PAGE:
Prediction based on opinion polls from 12 Apr 2015 to 25 Apr 2015, sampling 21,495 people.
Probability of possible outcomes
Nat choice of Con/Lab
Lab choice of Lib/Nat
Con choice of Lib/Nat
No overall control
The future is never certain. But using our advanced modelling techniques, we can
estimate the probability of the various possible outcomes at the next general election.
('Nat' means SNP+PlaidC)
Tectonic Voter Migrations
The graphic shows how voters have switched allegiance between the parties since 2010.
One hundred typical voters are shown, with the arrows showing their various migrations from
one party to another. "Lost" voters to a party are coloured grey, and "gained" voters carry
a white cross.
The graphic makes clear the collapse in Lib Dem support and the growth of the minor parties.
It also contains some bad news for the Conservatives.
Currently there is about a 80% chance of a hung parliament in 2015. This detailed diagram of the electoral
battleground maps out the several possible outcomes. The growth of SNP support in Scotland creates a genuine
four-party system at Westminster with a range of possible coalition permutations. Conservative support is given
by the horizontal axis, and Labour support by the vertical axis. The current support position (Con 33.6%, Lab 31.7%
at 25 April 2015) is shown by the circular blue marker inside the "Nat choice of Con/Lab" zone, where
the SNP has the balance of power.
Technical notes: Map only shows movement for the Conservative, Labour and Liberal Democrat parties. It
assumes the votes for other parties, including UKIP and the SNP, are fixed at current support levels. UKIP
are not currently to predicted to win many seats, so they are not yet a factor in coalition permutations.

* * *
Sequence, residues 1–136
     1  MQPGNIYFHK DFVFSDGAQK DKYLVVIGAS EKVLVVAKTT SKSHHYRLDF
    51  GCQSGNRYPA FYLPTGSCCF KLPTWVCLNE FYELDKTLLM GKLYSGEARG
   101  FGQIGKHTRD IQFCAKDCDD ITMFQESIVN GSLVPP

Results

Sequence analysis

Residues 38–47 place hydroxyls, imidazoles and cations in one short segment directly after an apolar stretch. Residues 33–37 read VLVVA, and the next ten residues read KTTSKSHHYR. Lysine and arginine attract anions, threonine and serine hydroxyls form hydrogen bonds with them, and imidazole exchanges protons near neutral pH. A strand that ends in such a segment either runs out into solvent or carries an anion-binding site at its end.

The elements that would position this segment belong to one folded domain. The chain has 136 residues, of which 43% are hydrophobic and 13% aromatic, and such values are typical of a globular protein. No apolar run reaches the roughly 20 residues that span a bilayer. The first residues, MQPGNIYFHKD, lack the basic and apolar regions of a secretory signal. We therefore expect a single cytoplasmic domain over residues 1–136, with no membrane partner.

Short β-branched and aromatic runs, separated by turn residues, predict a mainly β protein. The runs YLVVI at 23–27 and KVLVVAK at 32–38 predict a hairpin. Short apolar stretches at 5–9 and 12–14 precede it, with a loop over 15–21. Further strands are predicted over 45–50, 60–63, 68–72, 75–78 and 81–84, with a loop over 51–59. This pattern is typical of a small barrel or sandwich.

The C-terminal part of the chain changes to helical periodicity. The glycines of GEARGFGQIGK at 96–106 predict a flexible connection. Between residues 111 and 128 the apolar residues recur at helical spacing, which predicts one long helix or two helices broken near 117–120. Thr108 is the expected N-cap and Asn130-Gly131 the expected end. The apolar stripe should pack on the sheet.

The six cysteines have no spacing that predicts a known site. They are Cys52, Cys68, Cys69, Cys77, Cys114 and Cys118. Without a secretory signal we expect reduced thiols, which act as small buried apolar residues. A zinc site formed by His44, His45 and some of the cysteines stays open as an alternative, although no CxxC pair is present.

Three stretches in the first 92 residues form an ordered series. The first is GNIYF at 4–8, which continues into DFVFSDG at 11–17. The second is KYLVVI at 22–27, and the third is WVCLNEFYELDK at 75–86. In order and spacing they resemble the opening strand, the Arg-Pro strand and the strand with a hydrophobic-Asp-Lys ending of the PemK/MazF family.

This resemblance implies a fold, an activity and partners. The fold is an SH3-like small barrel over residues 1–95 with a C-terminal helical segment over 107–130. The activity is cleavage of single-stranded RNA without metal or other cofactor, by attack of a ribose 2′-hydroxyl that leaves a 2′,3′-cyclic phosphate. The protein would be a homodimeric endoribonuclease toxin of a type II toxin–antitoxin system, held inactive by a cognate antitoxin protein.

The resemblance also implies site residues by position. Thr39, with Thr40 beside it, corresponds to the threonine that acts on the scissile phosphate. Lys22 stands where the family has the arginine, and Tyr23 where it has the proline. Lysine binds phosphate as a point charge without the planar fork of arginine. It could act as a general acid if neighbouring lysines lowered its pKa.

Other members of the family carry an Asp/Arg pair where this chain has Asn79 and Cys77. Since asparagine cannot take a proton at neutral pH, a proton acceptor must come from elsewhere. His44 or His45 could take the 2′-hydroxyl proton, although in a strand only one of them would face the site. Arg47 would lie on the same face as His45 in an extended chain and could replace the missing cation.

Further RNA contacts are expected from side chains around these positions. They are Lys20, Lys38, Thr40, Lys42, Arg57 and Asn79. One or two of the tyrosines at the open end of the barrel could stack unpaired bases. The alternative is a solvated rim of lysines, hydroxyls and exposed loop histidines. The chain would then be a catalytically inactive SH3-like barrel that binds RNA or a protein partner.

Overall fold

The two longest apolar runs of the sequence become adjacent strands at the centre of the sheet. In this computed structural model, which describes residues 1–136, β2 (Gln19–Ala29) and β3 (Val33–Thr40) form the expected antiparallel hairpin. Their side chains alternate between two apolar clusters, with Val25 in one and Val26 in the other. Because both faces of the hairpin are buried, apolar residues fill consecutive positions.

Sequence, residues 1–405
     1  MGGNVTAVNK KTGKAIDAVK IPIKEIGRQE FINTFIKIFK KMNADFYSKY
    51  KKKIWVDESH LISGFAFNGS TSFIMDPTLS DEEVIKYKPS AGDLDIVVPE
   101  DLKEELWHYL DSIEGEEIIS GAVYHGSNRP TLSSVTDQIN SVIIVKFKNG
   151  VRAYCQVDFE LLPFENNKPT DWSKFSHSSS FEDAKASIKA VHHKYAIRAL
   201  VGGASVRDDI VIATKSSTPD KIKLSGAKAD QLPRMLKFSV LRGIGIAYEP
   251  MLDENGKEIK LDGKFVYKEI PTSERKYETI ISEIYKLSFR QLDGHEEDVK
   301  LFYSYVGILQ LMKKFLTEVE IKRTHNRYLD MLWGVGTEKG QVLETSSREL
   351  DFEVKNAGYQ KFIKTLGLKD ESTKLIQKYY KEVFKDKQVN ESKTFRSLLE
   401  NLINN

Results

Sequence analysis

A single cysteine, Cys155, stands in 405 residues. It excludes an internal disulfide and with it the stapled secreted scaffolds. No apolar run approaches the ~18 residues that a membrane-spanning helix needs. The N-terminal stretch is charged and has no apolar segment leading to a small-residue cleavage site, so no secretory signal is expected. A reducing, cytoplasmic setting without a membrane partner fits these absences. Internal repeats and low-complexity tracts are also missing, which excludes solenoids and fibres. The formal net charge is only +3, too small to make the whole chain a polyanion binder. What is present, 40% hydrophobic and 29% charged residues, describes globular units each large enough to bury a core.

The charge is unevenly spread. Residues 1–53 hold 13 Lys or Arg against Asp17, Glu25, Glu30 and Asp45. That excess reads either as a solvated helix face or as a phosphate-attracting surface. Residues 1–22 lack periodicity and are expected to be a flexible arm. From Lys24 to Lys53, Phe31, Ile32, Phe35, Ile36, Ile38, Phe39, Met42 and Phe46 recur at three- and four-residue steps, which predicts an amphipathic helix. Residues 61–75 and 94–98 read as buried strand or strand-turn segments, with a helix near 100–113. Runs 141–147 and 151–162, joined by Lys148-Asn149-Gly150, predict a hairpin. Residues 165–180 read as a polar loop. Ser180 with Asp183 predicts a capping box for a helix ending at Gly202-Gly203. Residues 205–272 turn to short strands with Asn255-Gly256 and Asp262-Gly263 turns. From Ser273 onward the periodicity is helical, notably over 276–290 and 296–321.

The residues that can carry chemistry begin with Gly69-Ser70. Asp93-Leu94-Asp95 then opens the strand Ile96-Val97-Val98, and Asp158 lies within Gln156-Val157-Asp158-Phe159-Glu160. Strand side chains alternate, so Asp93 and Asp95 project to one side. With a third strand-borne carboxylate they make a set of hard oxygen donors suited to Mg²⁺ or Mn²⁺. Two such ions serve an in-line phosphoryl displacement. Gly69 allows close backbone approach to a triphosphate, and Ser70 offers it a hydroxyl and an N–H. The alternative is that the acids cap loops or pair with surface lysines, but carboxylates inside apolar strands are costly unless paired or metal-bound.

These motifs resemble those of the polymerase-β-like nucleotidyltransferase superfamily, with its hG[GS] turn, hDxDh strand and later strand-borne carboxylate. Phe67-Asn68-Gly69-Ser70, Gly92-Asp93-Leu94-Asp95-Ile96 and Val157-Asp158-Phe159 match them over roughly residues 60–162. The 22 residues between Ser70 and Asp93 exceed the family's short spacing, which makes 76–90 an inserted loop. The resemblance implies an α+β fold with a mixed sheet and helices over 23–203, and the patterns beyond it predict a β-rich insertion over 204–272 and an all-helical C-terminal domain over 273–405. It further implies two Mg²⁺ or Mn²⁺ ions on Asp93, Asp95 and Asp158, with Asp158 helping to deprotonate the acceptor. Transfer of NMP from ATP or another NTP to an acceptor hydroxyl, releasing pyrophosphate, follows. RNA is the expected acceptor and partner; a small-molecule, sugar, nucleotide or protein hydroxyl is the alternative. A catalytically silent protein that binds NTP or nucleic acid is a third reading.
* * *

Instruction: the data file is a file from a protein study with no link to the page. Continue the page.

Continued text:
Since other parties have 28% support nationally, the map is missing the top-right corner where the
Conservative plus Labour total would be more than 72%.
As the General Election approaches, Electoral Calculus has a new
Shaped Strong Transition Model which
gives much more accurate predictions for UKIP and the Greens.
detailed geographic information from the recent Euro elections to give
fine-grained predictions for where the minor parties are strongest.
4 April 2015
As the general election approaches, Electoral Calculus now
has live updates on the front page.
As polls are published each day, the front
page will automatically update to show the live poll-of-polls and the
predicted number of seats for each party.
14 March 2015
This website explains where these predictions come from, and lets
you make your own predictions. There are
also detailed predictions of every seat, including a list of target
vulnerable seats, and a complete nationwide list of seat predictions.
Also freely available are data files containing the seat-by-seat results of all
general elections since 1983.